Tibarius--I have no idea what you are talking about. There is no 'perfect condition', because players learn to exploit weaknesses in any game. Yet if you keep 'patching' those holes, you end up with a game that is grindish, and unfriendly to newbies. When is the last time you played Angband? What variant did you play--and are you still playing 3.0.x?
I played almost all versions from 3.5 and later. Currently 4.1.3.

What i mean is, if i would be the only player around i would be able to define exact requirements how the game mechanics should work and the game should play.

Once that requirements would be coded the game would be in a perfect condition based upon the defined requirements.

Of course i am not the only player and obviously the requirements of the players are very different. Because i cannot loose any good word about the coming game mechanic changes Nick is writing about.

If Nick is re-coding Angband so that it is playable on future operating systems, like win10 or other unix/linux systems. That is great.

But the announced changes with new classes etc are ruining the game. It is no longer a moria follower but a complete new game, which i name Nickband.

So overall i do not welcome his work on the game mechanics, regardless of the fact that he does spend his free time for it. Actually i would encourage him to look for a new maintainer, who actually does what the name implies
=> to maintain the game.

If you want to develop a new game, develop a new variant.

That is my view on the current game development.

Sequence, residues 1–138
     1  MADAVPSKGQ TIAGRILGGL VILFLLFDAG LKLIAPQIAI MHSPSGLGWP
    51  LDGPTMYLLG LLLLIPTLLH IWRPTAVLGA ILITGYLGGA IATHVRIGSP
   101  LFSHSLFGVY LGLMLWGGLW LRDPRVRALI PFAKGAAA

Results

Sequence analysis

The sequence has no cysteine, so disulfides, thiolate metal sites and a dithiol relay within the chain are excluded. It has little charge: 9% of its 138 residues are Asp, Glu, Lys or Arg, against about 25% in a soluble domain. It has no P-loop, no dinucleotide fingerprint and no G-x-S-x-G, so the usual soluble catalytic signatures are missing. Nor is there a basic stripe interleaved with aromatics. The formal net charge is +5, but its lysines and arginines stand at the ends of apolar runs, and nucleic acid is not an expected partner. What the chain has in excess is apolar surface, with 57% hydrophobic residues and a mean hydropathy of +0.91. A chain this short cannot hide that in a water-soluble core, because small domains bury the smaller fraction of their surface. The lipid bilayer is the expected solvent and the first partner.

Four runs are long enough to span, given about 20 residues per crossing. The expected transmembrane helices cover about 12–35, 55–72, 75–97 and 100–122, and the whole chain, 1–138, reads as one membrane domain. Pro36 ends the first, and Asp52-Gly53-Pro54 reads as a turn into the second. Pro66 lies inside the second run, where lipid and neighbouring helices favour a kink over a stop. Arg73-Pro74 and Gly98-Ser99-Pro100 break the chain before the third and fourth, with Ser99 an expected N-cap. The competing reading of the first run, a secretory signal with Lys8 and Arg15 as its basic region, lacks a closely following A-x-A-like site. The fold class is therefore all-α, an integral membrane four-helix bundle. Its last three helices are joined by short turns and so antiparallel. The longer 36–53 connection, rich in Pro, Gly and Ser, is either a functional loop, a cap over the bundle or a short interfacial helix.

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Old September 11, 2018, 05:58   #26
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Um. Angband has worked on many platforms since forever--Win10 of course is supported by the Win7 64bit update. It also works on OSX. I mostly play on an android phone these days. There was NO difference in gameplay between 3.5 and 4.0--the latter was entirely an engineering release. So what you are saying is you don't like 4.2, and have never played 3.0.x (which the really diehards consider the last 'really good' version. I have some limited sympathy for this view.) But 4.2 is more like 3.2 than anything else, and 3.2 was an intentionally broken release: it was unbalanced in ways that the developer.could not know without getting feedback from many players. 3.5 was a significant improvement.

So, rather than resorting to ad hominems: what don't you like about 4.2, beyond balance issues, which are expected in this release? By the way, the motivating reasons for 4.2 were two-fold:
1. Make the base classes more distinct from each other
2. Reduce necessity of teleport other. (I suspect this one is a pipe dream in anything that is recognizable as Angband, in the sense that Sil is not so recognizable, except as a roguelike that uses a derivative code base .)
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Old September 11, 2018, 10:35   #27
Tibarius
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base classes

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Originally Posted by Pete Mack View Post
Um. Angband has worked on many platforms since forever--Win10 of course is supported by the Win7 64bit update. It also works on OSX. I mostly play on an android phone these days. There was NO difference in gameplay between 3.5 and 4.0--the latter was entirely an engineering release. So what you are saying is you don't like 4.2, and have never played 3.0.x (which the really diehards consider the last 'really good' version. I have some limited sympathy for this view.) But 4.2 is more like 3.2 than anything else, and 3.2 was an intentionally broken release: it was unbalanced in ways that the developer.could not know without getting feedback from many players. 3.5 was a significant improvement.